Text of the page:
5.Improve constantly and forever the system of production and service to improve quality ,thus constantly decrease cost
6.Institute training on jobs
8.Drive out fear so that everyone may work effectively for the company
9.Break down barriers between departments
10.eliminate slogans,exhortations and targets for the work force that ask for improvements without providing methods
11.eliminate work standards ( numerical) on factory floor and management by objective(number goals ).Substitute by leader ship
12.Remove objectives that rob the pride of workmanship from a worker ( merit rating MOB )
13.Institute a vigorous program of education and self improvement .
14.Take action to accomplish the transformation
5. Quality Function Deployment ( QFD )
QFD is a scientific technique for translating the voice of the customer into development of products and services. It is a complete product planning process as opposed to problem solving and analysis. The technique was invented by Akashi Fukuhara of Japan and first applied with very good results at Toyota.
Business is usually started because their founders recognize a customer need and believe that they can satisfy it better than other companies. At the time of fresh start, the product may be unique to the industry and have competitive advantages.
No matter how effectively a company meets the initial needs of the customers, it must remain constantly alert and responsive to the changing needs of the customers. Because if the company is not responsive to these changing needs, the passage of time will erode the early competitive advantages.
QFD - Customers Voice
The whole process of the QFD can be linked to GIGO ( Garbage in garbage out ). This is because, if the voice of the customer has not been captured properly, the final product will also not be the one actually desired by the market place. It is therefore extremely important to capture the correct voice of the customer before taking any other step in the QFD planning process. We will explain this by the forthcoming example of new car development.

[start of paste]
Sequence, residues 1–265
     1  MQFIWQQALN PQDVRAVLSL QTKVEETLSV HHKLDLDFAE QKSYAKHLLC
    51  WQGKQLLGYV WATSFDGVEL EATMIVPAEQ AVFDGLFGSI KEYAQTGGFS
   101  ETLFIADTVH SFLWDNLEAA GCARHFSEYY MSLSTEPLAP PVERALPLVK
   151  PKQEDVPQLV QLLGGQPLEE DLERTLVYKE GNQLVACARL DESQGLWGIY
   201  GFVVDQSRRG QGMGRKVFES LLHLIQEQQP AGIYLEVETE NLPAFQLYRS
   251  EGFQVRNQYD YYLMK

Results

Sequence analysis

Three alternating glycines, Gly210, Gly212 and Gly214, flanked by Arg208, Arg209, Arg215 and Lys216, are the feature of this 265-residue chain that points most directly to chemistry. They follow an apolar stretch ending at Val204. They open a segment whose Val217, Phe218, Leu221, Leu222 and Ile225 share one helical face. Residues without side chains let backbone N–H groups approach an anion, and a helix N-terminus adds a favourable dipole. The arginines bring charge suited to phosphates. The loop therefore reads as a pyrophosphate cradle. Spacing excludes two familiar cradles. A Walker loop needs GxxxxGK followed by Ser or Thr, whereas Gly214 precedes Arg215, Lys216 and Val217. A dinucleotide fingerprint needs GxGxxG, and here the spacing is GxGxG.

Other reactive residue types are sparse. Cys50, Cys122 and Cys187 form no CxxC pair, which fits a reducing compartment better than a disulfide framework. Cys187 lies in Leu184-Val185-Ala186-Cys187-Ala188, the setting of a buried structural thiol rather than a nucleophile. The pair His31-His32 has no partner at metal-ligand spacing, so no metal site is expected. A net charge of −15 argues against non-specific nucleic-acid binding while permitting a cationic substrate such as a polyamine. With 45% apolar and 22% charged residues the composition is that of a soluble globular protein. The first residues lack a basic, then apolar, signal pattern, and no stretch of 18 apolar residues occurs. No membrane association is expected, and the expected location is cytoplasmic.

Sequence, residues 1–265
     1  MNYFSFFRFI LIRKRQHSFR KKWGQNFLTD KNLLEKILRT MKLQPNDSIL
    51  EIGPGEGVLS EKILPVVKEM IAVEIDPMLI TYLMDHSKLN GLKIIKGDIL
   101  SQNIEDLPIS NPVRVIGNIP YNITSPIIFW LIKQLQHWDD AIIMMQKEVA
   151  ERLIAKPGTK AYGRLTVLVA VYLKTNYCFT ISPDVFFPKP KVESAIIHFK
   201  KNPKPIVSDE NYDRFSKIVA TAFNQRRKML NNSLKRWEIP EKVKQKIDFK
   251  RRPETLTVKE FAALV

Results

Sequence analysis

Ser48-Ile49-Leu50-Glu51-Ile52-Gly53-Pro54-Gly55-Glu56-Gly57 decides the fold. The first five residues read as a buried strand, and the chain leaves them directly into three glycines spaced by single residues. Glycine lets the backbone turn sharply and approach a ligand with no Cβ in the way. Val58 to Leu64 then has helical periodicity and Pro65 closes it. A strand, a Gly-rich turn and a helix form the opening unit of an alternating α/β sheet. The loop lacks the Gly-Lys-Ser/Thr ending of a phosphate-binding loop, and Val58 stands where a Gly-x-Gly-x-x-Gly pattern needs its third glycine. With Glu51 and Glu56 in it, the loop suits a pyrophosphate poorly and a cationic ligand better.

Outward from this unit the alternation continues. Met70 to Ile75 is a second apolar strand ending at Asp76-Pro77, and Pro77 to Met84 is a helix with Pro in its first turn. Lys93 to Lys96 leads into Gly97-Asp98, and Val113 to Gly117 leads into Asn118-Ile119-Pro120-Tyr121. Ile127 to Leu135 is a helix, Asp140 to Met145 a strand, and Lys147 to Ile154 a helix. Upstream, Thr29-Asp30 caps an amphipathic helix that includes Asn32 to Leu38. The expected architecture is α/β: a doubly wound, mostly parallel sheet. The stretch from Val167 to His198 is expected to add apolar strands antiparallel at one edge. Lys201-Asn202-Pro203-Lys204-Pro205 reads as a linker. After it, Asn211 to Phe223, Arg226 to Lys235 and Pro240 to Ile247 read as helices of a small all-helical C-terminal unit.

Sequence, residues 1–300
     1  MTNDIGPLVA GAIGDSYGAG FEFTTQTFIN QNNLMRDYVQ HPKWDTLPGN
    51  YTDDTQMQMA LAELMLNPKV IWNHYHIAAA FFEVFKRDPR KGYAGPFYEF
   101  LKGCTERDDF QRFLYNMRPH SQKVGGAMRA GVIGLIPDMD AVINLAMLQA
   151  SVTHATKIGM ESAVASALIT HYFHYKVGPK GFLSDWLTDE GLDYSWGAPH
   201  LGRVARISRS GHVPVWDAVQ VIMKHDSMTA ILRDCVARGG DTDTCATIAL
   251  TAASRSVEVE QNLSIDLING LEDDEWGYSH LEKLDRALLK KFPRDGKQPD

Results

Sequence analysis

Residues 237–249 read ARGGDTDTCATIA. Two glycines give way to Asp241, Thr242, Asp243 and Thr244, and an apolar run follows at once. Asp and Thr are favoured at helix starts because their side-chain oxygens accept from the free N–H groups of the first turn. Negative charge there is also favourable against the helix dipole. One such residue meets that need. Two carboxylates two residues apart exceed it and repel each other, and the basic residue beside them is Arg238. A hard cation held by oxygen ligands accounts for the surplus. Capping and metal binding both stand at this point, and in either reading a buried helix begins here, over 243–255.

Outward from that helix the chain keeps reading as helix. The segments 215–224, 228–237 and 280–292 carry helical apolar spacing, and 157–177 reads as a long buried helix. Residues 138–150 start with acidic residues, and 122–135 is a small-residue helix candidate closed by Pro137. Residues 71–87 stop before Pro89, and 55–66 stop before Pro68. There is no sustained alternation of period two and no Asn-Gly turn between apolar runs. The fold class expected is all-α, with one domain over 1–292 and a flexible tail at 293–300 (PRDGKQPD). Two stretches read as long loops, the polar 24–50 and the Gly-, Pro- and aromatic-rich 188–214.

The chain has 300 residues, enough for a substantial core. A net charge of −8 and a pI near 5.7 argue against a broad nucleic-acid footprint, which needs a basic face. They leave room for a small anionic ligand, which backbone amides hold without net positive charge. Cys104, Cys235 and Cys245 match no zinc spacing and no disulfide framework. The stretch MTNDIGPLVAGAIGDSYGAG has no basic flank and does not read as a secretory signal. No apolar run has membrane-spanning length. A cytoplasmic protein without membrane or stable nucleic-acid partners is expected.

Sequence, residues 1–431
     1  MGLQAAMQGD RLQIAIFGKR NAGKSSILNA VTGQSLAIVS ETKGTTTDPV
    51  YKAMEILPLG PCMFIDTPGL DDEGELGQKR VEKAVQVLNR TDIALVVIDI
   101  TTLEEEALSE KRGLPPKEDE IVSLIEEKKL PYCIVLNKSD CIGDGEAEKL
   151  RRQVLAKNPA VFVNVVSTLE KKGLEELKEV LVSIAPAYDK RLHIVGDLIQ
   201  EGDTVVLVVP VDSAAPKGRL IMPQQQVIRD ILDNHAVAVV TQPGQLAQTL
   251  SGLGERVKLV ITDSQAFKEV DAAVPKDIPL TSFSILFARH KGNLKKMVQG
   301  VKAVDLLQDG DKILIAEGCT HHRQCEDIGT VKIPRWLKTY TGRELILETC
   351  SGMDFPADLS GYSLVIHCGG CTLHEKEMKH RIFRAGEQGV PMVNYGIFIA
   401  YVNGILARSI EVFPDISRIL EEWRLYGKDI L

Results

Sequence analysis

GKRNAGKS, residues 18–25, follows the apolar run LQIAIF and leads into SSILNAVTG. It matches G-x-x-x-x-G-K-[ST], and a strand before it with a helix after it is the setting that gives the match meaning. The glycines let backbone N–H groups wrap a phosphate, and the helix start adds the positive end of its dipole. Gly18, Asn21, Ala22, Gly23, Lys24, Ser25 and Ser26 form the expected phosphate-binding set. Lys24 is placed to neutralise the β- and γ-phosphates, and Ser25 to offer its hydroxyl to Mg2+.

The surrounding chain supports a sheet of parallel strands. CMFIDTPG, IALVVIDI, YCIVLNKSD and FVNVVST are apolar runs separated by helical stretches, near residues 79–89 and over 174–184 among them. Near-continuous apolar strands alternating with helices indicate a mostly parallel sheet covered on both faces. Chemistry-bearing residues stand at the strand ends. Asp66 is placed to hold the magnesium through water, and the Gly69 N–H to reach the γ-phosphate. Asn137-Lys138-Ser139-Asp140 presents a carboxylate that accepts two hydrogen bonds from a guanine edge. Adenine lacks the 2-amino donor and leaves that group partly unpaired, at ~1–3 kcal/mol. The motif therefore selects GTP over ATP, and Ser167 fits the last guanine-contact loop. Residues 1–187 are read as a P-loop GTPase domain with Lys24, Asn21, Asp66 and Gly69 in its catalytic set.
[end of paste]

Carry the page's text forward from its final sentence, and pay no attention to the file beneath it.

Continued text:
6. Crosby’s 14 steps to quality improvement
MANAGEMENT COMMITMENT - Top-level view on quality shown to all employees.
THE QUALITY IMPROVEMENT TEAM - To pursue the quality regime throughout the business.
QUALITY MEASUREMENT - Analysis of business quality performance in a meaningful manner, for example late deliveries, budgeted to actual sales/deliveries/costs/etc. Keep it simple for all to understand.
THE COST OF QUALITY - Make sure everyone in the business understands the need for a quality system, and the costs to the business if there is no quality system in place.
QUALITY AWARENESS - Make everyone in the business aware of the impact of quality systems.
CORRECTIVE ACTION - Ensure a system is in place for analyzing defects in the system and applying simple cause and effect analysis, to prevent re-occurrence.
ZERO DEFECTS PLANNING - Look for business activities to which zero defect logic should be applied.
SUPERVISOR TRAINING - Get your supervisors trained in both quality logic and zero defect appreciation which they can apply to their business activities.
ZERO DEFECTS DAY - A quality event by which all members of the effected section become aware that a change has taken place.
GOAL SETTING - Once a change has been implemented in a section of the business, the next step is to get the employees and supervisors in that section to set goals for improvement to bring about continuous improvement.
ERROR CAUSE REMOVAL - Communication process by which management are made aware that set goals are difficult to achieve in order for either the goals to be reset or help given by management to achieve the goals.
RECOGNITION - Management must recognize the employees who participate in the quality schemes.
QUALITY COUNCILS - Using both specialist knowledge and employee experiences to bring about a focused approach to business quality regime.
DO IT OVER AGAIN - Continuous improvement means starting from the beginning again and again.